Dangerous, Rapid Changes; Corporate recast, Putin peril, Kim consternation, and Inflation infliction (March 2022)
The world has rapidly changed over the past couple of quarters, presenting massive challenges for professional risk managers and investors. This latest installment addresses just a few of those changes.
Previously, the primary job of a corporate executive was to maximize shareholder wealth. Adam Smith captured the thought with his Wealth of Nations which suggested that by pursuing profits, each individual was benefitting society. The author Milton Friedman updated the concept in his essay, “The Social Responsibility of Business Is To Increase Its Profits”. That concept has been replaced by the notion that corporations should take an active interest in making the world a better place. The latest manifestation is the SEC’s recently-released climate change/ ESG disclosure requirements. Additionally, Goldman Sachs Assets Management announced it would vote against management of firms which did not disclose greenhouse gas emission data and JPMorgan, Citigroup, and BlackRock agreed to racial-equity audits. 
Those firms which are viewed as either uncooperative or baneful to broader society are likely to see reduced support from major institutional investors. However, this approach might need some fine-tuning as evidenced by the disruptions in the energy market; petroleum producers are often viewed as major contributors to the carbon footprint and have had restricted access to capital as a result. Most countries still use gasoline-powered vehicles and depend on natural gas for heating. Disruptions in Russia-based energy are causing major problems. The shift to cleaner fuel sources is progressing, but will take time.
 https://www.investmentnews.com/latest (as of March 26, 2022)
Putin Peril (and Sovereign Restraint)
The un-written rule for most countries over the past half century is that wars of acquisition are rarely profitable and carry the risk of incurring the opprobrium of the western world. Putin violated this norm with his invasion of Georgia in 2008, Crimea in 2014, and now Ukraine. The world is awaiting the outcome, but like Russia’s attack on Japan in 1904, Putin’s efforts are not proceeding as planned. The aggressiveness of the Ukraine defenders with the help of “St. Javelin”, that is the anti-tank missiles, in part is why Russia appears to be redirecting its efforts to the less ambitious goal of Donbas. The sinking of an Orsk landing vessel is likely to be seen as a major blow and perhaps Russia will have difficulty holding the Donbas region.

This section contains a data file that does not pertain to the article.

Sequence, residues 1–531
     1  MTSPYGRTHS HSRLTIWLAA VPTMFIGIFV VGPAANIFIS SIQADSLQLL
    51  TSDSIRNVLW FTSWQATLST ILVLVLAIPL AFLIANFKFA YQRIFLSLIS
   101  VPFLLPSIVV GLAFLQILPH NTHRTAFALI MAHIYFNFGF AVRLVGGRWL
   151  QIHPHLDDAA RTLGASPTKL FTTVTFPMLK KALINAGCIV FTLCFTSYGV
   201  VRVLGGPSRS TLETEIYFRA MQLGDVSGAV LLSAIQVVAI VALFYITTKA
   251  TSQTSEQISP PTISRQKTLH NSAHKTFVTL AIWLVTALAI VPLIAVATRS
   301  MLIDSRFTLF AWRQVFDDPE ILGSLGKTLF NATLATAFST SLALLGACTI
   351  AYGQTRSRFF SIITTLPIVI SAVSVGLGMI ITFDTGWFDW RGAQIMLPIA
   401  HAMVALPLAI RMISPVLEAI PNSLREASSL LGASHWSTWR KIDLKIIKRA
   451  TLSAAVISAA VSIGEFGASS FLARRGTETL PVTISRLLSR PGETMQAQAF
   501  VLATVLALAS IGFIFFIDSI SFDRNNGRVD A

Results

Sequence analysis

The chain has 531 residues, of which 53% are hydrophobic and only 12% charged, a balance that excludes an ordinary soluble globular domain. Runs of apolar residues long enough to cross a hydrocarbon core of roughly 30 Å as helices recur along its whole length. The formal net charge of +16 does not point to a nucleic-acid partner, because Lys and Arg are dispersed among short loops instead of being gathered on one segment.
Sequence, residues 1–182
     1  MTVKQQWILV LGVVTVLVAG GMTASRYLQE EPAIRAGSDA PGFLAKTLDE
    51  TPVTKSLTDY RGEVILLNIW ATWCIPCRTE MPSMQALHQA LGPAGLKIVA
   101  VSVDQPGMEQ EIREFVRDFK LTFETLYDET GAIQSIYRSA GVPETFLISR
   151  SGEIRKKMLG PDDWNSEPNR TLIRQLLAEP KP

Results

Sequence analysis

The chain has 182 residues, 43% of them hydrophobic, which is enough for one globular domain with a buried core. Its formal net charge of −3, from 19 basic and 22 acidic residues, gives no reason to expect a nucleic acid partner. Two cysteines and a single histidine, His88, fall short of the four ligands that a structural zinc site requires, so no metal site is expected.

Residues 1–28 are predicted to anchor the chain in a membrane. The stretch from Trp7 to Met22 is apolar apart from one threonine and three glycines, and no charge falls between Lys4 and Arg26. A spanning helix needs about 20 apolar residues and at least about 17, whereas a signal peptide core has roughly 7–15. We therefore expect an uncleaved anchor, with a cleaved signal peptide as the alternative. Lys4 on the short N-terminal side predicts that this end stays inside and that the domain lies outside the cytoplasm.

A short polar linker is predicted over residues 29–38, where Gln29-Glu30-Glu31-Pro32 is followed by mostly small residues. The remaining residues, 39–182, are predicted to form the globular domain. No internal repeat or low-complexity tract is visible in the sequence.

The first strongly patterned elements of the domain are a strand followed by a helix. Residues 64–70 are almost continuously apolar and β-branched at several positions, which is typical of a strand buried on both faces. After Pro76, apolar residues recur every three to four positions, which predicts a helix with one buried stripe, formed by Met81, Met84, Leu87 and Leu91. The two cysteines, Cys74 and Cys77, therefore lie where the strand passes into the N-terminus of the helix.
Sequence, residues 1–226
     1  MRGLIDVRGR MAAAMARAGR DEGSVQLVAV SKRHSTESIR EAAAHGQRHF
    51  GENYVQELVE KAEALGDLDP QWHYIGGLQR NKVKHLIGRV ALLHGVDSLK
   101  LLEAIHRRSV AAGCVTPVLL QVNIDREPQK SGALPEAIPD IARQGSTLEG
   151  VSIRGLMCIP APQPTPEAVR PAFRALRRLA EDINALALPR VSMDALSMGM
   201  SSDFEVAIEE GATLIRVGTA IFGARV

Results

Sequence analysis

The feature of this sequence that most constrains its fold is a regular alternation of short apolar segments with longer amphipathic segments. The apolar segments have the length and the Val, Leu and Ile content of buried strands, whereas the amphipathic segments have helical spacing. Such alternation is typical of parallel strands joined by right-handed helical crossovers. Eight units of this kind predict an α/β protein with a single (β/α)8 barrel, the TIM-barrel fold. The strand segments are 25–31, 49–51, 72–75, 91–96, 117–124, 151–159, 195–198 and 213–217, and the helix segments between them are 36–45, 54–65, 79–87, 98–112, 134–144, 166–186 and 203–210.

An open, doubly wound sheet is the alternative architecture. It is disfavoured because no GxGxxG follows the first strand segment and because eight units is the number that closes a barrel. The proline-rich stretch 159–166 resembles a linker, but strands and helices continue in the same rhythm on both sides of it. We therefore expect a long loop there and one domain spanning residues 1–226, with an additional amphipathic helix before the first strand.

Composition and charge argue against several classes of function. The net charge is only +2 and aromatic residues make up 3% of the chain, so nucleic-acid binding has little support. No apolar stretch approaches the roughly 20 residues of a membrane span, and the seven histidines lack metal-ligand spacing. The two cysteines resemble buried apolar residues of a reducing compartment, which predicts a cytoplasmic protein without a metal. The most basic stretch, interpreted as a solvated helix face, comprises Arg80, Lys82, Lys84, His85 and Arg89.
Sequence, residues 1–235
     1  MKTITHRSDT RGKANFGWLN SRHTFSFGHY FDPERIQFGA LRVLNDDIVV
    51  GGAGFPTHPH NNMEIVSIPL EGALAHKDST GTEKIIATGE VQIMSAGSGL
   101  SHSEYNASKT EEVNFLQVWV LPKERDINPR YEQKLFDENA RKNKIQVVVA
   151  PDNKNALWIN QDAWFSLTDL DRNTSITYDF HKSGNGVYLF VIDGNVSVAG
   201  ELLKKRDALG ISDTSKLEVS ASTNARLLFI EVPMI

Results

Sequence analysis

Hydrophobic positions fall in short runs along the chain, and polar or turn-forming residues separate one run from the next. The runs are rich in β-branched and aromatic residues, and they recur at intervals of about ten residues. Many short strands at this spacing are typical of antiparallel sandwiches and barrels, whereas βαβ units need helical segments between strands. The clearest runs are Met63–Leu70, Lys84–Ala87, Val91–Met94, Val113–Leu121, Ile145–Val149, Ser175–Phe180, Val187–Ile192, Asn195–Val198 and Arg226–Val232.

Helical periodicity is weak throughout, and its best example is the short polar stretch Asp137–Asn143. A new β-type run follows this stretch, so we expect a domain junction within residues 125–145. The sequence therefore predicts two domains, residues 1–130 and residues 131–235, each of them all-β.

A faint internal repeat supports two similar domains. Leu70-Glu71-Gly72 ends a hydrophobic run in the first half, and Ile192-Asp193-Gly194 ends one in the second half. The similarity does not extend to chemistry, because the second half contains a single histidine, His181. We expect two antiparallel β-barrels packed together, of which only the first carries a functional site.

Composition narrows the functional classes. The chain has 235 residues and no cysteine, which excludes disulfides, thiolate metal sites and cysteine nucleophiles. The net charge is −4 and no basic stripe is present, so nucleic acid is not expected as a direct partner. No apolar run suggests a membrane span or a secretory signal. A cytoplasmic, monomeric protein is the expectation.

The disruption caused by Putin’s great adventure is likely to be felt for years with the upshot being more defense spending, less Russian foreign investment, and continued energy uncertainty.
For a country which regularly appears to be on the verge of collapse, North Korea has shown a knack for attracting international headlines with its ever-more-sophisticated missile launches. Our simplistic view is that North Korea is tied to China, and China has expansionary interests, but that it finds convenience in working through North Korea.
Xi is probably closely watching Putin’s actions and perhaps more importantly, reactions in the West, and reassessing the costs of a move against Taiwan. The revival of NATO and a tighter Asia alliance is not positive. However, a weakened Russia probably makes China’s support more relevant to Russia.
By now, most believe we are in a period of heightened inflation. Authors Steve H. Hanke and Nicholas Hanlon wrote an interesting article in the WSJ editorial section regarding inflation: “Powell Is Wrong. Printing Money Causes Inflation”. The authors support inflation expectations of 6 to 9% and elaborate:
“The theory rests on a simple identity, the equation of exchange, which demonstrates the link between the money supply and inflation: MV=Py, where M is the money supply, V is the velocity of money (the speed at which it circulates relative to the money supply), P is the price level, and y is real gross domestic product. So, the quantity theory of money provides the link between money and inflation." 
Our view is that the economy is just beginning to come to terms with the heightened inflation.
While predicting the future is fraught with risks, it is fortunate the attack on the Ukraine is bogged down. The next obvious concern is Taiwan and possibly strategic alignments of other Asian counties. Perhaps on the positive side is the rebound of markets (shown below), the likely expansion of NATO and countries increasing defense spending.
Source: Hedge Fund Manager Enrique Abeyta (via Whitney Tilson/Empire Financial Research)
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